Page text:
Terrestrial landscapes surrounding aquatic habitat influence the persistence of amphibian spatially structured populations (SSPs) via their crucial role in providing estivation and overwintering sites, facilitating or hampering dispersal and colonisation, and consequently the maintenance or loss of genetic diversity.
To highlight the landscape drivers of genetic variation, we investigated the relationship between the level of genetic variation measured within ponds of the great crested newt (Triturus cristatus), and the composition of the surrounding landscape at various spatial scales.
Based on the sampling of 40 ponds in thirteen SSPs, the influence of landscape features on several estimators of genetic variation was investigated via linear mixed models, with effects within and between SSPs incorporated.
The best models depended on the spatial scale, with more significant associations within radii of 50 and 100 m of core ponds, particularly for allelic richness. Responses within and between SSPs were mostly similar. The availability of aquatic habitat in the landscape had a positive effect, while woodland, arable land and pasture had different effects depending on scale and response variable. Total length of roads within a 250 m radius influenced effective population size negatively.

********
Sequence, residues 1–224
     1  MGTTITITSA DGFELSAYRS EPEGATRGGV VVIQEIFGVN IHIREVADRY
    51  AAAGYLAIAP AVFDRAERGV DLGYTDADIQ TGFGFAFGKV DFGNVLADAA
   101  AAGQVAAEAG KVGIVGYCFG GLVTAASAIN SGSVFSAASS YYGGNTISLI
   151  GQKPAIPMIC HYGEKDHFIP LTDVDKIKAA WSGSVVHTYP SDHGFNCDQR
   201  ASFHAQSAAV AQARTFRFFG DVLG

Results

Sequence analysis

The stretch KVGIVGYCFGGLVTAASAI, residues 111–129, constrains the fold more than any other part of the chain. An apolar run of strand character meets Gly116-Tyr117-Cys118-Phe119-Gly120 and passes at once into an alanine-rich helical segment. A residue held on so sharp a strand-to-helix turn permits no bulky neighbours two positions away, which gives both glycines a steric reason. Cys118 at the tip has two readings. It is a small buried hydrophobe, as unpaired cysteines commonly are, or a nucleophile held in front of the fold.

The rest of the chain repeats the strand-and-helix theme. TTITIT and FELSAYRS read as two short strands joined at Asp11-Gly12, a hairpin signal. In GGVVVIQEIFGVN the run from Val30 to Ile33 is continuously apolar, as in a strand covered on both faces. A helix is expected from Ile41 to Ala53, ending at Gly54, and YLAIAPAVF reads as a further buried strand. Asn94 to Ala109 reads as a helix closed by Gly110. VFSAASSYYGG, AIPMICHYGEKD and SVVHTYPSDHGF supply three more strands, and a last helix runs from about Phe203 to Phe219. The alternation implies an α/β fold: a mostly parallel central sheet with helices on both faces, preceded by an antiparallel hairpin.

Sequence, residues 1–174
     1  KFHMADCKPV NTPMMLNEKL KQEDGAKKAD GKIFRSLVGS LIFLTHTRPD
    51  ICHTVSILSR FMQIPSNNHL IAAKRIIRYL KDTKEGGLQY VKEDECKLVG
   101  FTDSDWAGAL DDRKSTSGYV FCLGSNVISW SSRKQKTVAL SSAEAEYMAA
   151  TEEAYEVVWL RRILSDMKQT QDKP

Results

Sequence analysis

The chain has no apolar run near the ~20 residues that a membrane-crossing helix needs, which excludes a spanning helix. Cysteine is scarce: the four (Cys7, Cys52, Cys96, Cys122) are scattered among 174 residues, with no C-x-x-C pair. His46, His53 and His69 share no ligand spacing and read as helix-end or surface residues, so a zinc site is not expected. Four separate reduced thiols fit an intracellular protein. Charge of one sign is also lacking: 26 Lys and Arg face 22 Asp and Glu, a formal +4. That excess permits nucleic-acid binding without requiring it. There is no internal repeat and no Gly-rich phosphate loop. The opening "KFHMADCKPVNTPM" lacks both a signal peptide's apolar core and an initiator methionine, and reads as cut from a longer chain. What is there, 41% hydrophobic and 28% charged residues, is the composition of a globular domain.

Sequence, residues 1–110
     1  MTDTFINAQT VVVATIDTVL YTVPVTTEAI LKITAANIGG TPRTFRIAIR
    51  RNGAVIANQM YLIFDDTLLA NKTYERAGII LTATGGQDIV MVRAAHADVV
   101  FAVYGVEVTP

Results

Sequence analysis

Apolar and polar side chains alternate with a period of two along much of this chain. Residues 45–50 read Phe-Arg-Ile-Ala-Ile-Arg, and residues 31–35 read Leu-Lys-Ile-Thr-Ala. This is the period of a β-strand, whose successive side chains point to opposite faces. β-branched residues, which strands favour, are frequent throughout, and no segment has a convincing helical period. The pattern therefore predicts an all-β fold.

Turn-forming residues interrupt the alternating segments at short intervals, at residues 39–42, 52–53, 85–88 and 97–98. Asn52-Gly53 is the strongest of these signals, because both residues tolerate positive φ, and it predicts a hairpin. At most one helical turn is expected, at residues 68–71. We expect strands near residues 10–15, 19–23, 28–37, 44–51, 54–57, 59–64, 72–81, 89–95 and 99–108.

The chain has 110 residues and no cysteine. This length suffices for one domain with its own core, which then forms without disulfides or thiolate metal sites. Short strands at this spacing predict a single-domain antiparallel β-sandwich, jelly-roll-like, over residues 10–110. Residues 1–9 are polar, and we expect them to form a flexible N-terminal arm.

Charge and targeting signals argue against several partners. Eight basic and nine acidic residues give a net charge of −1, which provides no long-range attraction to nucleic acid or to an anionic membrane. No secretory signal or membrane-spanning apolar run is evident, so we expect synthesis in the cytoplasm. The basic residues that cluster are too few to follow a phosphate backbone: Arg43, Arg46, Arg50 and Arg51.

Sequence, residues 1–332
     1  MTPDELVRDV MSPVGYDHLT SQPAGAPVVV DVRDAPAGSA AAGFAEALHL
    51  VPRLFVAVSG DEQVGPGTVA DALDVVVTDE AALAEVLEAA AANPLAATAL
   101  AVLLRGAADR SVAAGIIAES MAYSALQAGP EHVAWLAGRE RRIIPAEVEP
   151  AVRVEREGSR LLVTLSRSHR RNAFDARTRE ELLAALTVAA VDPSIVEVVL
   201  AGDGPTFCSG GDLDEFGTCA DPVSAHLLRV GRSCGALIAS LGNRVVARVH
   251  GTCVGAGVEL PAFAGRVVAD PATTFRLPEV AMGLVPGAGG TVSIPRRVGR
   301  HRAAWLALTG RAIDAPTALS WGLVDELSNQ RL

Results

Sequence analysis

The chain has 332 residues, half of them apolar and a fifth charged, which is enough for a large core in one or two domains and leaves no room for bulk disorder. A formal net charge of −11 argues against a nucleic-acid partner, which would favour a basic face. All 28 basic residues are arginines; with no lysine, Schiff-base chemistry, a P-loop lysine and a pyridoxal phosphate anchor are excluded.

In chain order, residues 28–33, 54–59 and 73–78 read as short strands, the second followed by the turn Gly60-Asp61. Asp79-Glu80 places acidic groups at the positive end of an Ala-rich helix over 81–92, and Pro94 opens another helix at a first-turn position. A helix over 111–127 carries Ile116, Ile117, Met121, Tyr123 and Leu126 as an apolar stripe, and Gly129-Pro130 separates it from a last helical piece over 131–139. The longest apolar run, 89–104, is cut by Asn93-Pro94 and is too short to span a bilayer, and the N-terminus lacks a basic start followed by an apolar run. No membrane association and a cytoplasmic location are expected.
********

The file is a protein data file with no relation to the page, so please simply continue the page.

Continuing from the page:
Our results stress the need to investigate the influence of environmental predictors at multiple spatial scales for an adequate understanding of ongoing processes. Generally, the landscape affected genetic variation similarly within and between SSPs. This allowed us to provide general guidelines for the persistence of great crested newt populations, with an emphasis on the importance of the aquatic habitat.
Thematic List 2020
- Protected nature
- Species and biotopes
EWI Biomedical sciences
- amphibians (Amphibia)
- newts and salamanders (Caudata)
- true salamanders and newts (Salamandridae)
- great crested newt
- Trtiturus cristatus
- species directed nature management
- genetic technologies
- statistics and modelling